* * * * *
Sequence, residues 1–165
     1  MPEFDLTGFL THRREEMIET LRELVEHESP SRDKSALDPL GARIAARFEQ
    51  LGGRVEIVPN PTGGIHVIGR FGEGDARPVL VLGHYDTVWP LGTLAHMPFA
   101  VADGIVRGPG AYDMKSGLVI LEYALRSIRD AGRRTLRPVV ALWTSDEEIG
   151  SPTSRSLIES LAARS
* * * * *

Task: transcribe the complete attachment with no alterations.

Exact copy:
Sequence, residues 1–165
     1  MPEFDLTGFL THRREEMIET LRELVEHESP SRDKSALDPL GARIAARFEQ
    51  LGGRVEIVPN PTGGIHVIGR FGEGDARPVL VLGHYDTVWP LGTLAHMPFA
   101  VADGIVRGPG AYDMKSGLVI LEYALRSIRD AGRRTLRPVV ALWTSDEEIG
   151  SPTSRSLIES LAARS